Weather Forecast for:
Abbotsford Airport

Updated: Oct 20, 2017 at 5:40 AM

Oct 20

High: 9 ºC
Perc: 9 mm

Fri PM
Oct 20

Low: 4 ºC
Perc: 5 mm

Oct 21

High: 7 ºC
Low: 6 ºC
Perc: 43 mm

Oct 22

High: 11 ºC
Low: 6 ºC
Perc: 25 mm

Oct 23

High: 12 ºC
Low: 6 ºC
Perc: 1 mm

Oct 24

High: 16 ºC
Low: 6 ºC
Perc: 9 mm


True Armyworm 3. Confirmed in Abbotsford Grass Hay Fields August 2017

True Armyworms have been confirmed in Abbotsford grass hay fields. Growers should check hay fields for armyworms (caterpillars) not only on Vancouver Island, but also in the Fraser Valley.

For more information: Tracy Hueppelsheuser Entomologist, Plant and Animal Health Branch, British Columbia Ministry of Agriculture
Phone: 604-556-3031

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True Armyworm 2. Update August 28, 2017

It is time to scout for armyworm larvae (caterpillars) in the lush regrowth of the grass fields. Check in areas near or adjacent to the earlier armyworm-damaged fields. Moths will be looking for lush green growing grass to lay new eggs in August. Larvae will be feeding now in those areas. Scout by laying down a ruler or meter stick, and estimating a square foot or quarter meter square and count the larvae you see feeding in the grass. You will need to be down on your knees where you can look closely for larvae up to 1.5 cm long (3/4 inch). Do the first count this week, and then count again in one week. If, on average, more than 5 larvae per square foot are found, you can expect damage from feeding to the grass crop. Do counts in several locations (at least 20) in a field each time before deciding if and where to treat. It may be that only edges or part of a field need to be treated, as the population may be localized or spotty. Armyworm larvae may be green or darker, and have a brown or mottled head capsule. We do not expect to see as many as in July, but is worth counting larvae in areas of concern to know for sure what is happening in the fields.

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True Armyworm 1. Information for BC Growers July 2017

True Armyworm (Mythimna unipuncta, formerly Pseudaletia unipuncta) is a North American insect in the family Noctuidae which is introduced annually, in April, to southern Canada on wind currents from the southern USA and Mexico. Southern areas of Manitoba and Ontario do experience outbreaks of this pest periodically.

Hosts: grass crops, including cereals, forage, and corn are the primary hosts, but true armyworm larvae will feed on broad leaved plants as well, included peas and canola.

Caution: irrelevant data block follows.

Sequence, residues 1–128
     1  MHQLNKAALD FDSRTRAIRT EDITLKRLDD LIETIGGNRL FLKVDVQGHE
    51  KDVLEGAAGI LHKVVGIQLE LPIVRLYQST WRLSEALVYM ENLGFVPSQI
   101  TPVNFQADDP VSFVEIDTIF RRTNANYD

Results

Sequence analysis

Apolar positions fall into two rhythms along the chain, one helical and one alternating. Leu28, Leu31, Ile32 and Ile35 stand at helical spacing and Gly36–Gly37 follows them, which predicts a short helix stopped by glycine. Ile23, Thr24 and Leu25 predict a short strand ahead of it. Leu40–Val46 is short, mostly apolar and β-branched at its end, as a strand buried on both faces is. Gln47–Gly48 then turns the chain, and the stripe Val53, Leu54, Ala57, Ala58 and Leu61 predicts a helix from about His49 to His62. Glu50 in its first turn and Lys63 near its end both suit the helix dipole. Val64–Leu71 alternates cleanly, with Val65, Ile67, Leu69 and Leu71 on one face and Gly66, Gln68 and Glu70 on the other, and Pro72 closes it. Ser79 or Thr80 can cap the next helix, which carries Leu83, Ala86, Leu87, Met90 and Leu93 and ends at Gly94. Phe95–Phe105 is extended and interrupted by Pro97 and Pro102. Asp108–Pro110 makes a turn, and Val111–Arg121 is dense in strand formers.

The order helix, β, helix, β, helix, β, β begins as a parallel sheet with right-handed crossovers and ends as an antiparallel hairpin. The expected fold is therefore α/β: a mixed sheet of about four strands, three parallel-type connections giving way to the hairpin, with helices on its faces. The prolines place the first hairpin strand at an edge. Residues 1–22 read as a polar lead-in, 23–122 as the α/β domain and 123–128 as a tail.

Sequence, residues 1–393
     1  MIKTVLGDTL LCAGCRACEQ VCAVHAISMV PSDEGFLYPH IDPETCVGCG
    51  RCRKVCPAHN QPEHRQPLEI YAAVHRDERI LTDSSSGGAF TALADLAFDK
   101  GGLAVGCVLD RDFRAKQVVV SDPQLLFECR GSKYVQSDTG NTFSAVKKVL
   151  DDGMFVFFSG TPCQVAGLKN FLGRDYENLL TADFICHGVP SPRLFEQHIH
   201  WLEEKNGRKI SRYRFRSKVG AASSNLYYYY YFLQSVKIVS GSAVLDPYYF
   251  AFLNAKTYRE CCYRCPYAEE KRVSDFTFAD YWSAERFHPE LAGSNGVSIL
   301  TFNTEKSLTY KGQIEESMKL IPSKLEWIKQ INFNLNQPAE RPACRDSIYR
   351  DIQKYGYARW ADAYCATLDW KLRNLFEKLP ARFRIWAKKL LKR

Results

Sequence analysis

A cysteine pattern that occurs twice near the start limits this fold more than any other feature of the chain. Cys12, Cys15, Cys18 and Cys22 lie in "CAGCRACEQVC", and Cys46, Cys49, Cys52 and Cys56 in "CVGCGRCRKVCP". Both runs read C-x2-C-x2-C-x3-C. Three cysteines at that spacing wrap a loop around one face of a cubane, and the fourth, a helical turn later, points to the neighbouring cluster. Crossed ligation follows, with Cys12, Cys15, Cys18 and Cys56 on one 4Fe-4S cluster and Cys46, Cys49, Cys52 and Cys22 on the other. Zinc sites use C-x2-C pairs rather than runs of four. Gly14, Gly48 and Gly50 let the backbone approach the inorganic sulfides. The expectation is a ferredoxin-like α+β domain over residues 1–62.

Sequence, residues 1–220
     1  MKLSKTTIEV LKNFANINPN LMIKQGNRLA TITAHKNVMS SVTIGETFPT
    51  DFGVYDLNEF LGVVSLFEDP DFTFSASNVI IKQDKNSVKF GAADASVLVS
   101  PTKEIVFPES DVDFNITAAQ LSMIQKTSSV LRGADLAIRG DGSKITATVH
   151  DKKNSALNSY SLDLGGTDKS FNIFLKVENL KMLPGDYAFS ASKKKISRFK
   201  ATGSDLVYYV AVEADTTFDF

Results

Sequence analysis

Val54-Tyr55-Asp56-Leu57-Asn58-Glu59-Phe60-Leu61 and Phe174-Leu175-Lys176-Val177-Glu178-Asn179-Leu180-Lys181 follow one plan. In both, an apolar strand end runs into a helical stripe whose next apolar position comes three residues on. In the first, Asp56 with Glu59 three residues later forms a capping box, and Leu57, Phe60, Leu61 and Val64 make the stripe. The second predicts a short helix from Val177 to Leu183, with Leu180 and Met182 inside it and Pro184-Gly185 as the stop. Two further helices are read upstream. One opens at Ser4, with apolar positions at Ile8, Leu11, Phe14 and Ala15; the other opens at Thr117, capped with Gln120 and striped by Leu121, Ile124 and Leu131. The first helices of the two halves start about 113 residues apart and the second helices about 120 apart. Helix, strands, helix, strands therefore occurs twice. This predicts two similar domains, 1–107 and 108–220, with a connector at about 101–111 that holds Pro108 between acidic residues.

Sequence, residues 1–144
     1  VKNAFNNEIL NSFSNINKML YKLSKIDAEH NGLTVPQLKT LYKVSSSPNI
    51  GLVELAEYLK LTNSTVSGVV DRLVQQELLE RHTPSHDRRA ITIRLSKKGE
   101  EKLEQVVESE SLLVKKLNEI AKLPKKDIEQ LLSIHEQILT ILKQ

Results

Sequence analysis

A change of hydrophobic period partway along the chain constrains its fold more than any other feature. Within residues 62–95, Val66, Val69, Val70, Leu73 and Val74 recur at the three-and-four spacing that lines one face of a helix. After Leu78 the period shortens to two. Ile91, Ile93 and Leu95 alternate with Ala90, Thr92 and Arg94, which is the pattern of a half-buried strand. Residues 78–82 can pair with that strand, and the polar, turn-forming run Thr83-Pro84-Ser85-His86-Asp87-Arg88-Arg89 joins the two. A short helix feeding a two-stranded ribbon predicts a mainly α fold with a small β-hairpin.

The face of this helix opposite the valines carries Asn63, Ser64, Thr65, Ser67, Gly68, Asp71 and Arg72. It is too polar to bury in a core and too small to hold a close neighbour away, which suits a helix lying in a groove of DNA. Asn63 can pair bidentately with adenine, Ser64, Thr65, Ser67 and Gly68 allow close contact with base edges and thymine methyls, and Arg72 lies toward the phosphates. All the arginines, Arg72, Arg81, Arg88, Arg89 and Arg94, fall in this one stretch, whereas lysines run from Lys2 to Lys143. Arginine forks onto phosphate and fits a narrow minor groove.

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Solar Eclipse August 21, 2017

You were sure to notice the drop in heat during Monday's eclipse.  A new solar radiation sensor installed by Environment and Climate Change Canada at the AAFC Agassiz Research and Development Centre picks up the drop in heat.  The graph below shows the solar radiation by the minute for August 21, 2017 in Agassiz, B.C.

 solar radiation

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Support available for ranchers impacted by British Columbia wildfires

The B.C. government is continuing to work with the Government of Canada to ensure B.C. ranchers have access to either existing or new programs as part of the overall response to the devastating wildfires in the province’s Interior. The potential impact is severe as B.C. ranchers have an estimated 30,000 animals within the boundaries of the wildfire-affected areas. The number of confirmed livestock injuries and losses is not available yet as the ongoing emergency response continues. Once the information is available, the B.C.

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Corn Rootworm 2017.3 - It's time to check your corn fields for rootworm damage so plans can be made for management/rotation next year (2017)

Lodging, tipping over, instability or ‘goosenecking’ is evident now in fields with rootworm.

corn damage


The photo below shows severe rootworm larvae damage to roots.  Brace roots are completely destroyed and larvae are present on plant crown. 

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Corn Rootworm 2017.4 - Flight is taking off this week August 8, 2017

Corn rootworm flight is really taking off this week in Sumas and south Abbotsford and probably elsewhere. There are loads of beetles flying; they are really active in some locations. Corn silks are getting snipped, leaves look bleached out from feeding, and nearby flowers seem to be aggregation places for beetles, in particular, in melon flowers. The beetles seem to like eating red-root pigweed.

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Climate Data Report: "Climate Change - The Need for Adaptation"

Recommendations for Producers
Although 1 year of data is not enough to develop concrete recommendations for producers in the Vanderhoof area, if the climate patterns recored in 2016 continue there will need to be changes to cropping systms in order to remain competitive. Some operational options and future research considerations for producer are listed below:

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Climate Change Survey

The Pacific Field Corn Association invites you to participate in a survey to assess perceptions of the impacts and risks of climate change on agriculture. Enter a draw for a $50 gift certificate from any business of your choice. TAKE THE SURVEY HERE

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